Budapest, often regarded as one of Europe’s most beautiful cities, stands guard over the lovely Danube River and boasts a past that reaches back to before the time of the Roman Empire. To help you make the most of your stay, we asked Péter Buday, Chef Concierge at Four Seasons Hotel Gresham Palace Budapest, to gather the savviest sight-seeing suggestions he could find—from where to find the best antique markets to the city’s finest performing arts venues.
Where to eat in Budapest
You’ll find a wide variety of restaurants within a five- to 10-minutes’ walk from the Hotel. The ever-popular bistro Café Kör serves Hungarian dishes with an international twist. Rézkakas Bistro, Onyx, The Wine Kitchen, Bock Bisztró and Pomo D’oro are beautiful bistro/cafés offering a smart ambience and savoury cuisine for any occasion. Tucked away in a bookshop and decorated with early 20th-century ceiling frescos, the Book Café in the Parisian Department Store’s Alexandra bookstore is a unique treasure.
Fine Hungarian wines
There’s more to Hungarian wine than Tokaji. For a sense of the range of varieties grown here, it’s worth visiting the Haraszthy Vallejo Winery in Etyek, founded in 1998. After a tasting session, have lunch at the winery’s Cinnamon restaurant. In Villány, a region famous for its reds, the Gere Attila Winery or Wunderlich Wine Cellars are good places to taste. Sweet dessert Tokaji wines remain Hungary’s greatest vinous export, however, so the Oremus Winery and Disznókő Winery are well worth checking out.
Souvenir shopping in Budapest
For antiques, the place to go is Falk Miksa utca, a street full of antique and curio shops located just a 15-minute walk from the Hotel in Pest. Here you’ll find Art Nouveau, Art Deco and other antiques, as well as a great source of Hungary’s famous Herend porcelain.
Local paprika makes for a great Hungarian souvenir, and the best place to buy it is at the always bustling Great Market Hall on Fővam Tér. It’s the largest covered market in Central Europe, and the building itself is worth the visit.
Budapest and the arts
Visit the Hungarian National Gallery, located in the former Royal Palace of Buda, to explore the development of Hungarian art throughout history. For something more modern, it’s worth a detour to the Vasarely Múzeuma in off-the-beaten-track Óbuda, the area immediately north of Buda, which ought to be on every art aficionado’s agenda. Born in 1906, Victor Vasarely is credited as the inventor of Op Art and was painting geometrically complex monochrome abstracts that play havoc with your vision long before Bridget Riley even went to Goldsmiths. Nearby, the Imre Varga Collection showcases work by Hungary’s best-known modern sculptor.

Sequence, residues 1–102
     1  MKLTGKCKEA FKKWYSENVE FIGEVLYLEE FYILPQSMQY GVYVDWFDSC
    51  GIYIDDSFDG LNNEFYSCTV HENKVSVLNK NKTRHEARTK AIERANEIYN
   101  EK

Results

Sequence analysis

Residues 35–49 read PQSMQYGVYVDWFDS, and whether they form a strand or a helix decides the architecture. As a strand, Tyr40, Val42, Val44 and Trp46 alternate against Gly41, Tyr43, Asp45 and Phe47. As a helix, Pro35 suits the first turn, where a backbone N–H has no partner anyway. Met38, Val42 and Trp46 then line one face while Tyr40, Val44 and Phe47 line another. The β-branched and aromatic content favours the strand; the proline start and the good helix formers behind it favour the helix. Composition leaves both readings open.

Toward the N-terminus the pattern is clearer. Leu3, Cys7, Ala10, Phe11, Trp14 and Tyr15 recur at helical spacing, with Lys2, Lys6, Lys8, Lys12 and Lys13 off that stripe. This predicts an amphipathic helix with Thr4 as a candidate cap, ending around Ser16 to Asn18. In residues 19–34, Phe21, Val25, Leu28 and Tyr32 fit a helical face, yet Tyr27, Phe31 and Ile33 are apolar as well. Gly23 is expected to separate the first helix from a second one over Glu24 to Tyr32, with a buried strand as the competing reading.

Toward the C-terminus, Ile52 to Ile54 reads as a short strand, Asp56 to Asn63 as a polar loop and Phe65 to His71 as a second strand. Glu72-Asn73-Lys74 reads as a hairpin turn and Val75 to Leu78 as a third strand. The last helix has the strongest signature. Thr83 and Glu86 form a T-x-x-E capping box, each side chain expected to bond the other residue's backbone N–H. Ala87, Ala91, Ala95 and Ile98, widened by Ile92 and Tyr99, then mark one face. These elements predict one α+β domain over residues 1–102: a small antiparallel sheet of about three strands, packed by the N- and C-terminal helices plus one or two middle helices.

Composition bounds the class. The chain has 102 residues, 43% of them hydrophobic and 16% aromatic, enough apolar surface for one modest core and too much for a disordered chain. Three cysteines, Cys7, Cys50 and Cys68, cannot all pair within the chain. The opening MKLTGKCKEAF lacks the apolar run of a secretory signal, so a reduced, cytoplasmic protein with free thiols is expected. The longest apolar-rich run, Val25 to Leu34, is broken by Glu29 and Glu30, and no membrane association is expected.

Budapest’s performing arts scene
As well as impressive art, Budapest has superb opera and ballet at the Hungarian State Opera, a 19th-century theatre that’s a riot of gilding and plush. Its companies perform not just classics (and a lot of Bartók), but late 20th-century British and American ballets, such as Kenneth Macmillan’s Mayerling and John Cranko’s Onegin, guarded by notoriously protective estates—proof of the quality of performance.
The Liszt Academy, founded by pianist and composer Franz Liszt in 1875, is the place to hear exquisite concerts from the school that has trained some of the world’s finest musicians. And the Palace of Arts is home to the Bartók Béla National Concert Hall.
During the summer, be sure to catch the Budapest Summer Festival, which brings open-air entertainment to Margaret Island each June, July and August.
Even if you don’t go inside, it’s worth a trip to Vidám Park to skirt the edge of the Budapest Zoo and admire the architecture. The Elephant House, in particular, is an Art Nouveau take on a central Asian mosque, with a minaret and decorative domes, purportedly to remind its inhabitants of home. Their Zsolnay tiles glitter, thanks to an iridescent coating of eosin: a brightly coloured, metallic glaze that makes Budapest’s distinctive skyline—and indeed the façade of the Four Seasons Gresham Palace—glitter.
If your children’s tastes are more mechanical than animal, take a trip on the Gyermekvasút (Children’s Railway), a narrow-gauge railway line operated by 10- to 14-year-olds, under the supervision of adult railway workers and teachers.
Hungarian treatments at the Spa
The Spa offers a variety of massages, body treatments and facials. Some treatments draw on the unique culture and products of Hungary, including the signature Omorovicza treatments that combine cosmetology and the area’s mineral-rich thermal waters to revitalize and refresh the body.
A perfect day in Budapest
Have breakfast at Kollázs Brasserie & Bar amid its beautifully restored Secessionist interior: The coffee and blintzes in particular are superb. Then stroll over the Chain Bridge to explore Buda and the Castle District, the oldest, most atmospheric part of the city with its winding streets of medieval and Baroque architecture. Cross back into Pest on the opposite side of the Danube, and after a leisurely lunch at Gerlóczy—a classic Central European grand café with a faintly French menu (though the goulash is great too)—stroll through the Jewish Quarter and visit the extensively renovated and architecturally fascinating Gozsdu Courtyard.
Trek this city on foot, bike, Segway or Trikke. Ask the Concierge to arrange private or group biking tours with professional guides, which offers a more intimate visit. If all this exploring puts you in the mood for a refreshing dip, visit the Széchenyi Bath and Spa, where you can play chess on floating chequerboards.
Finally, round off the day with a night at the opera, followed by a late supper at Onyx, indulging in one of the restaurant’s superb tasting menus or the extensive wine list.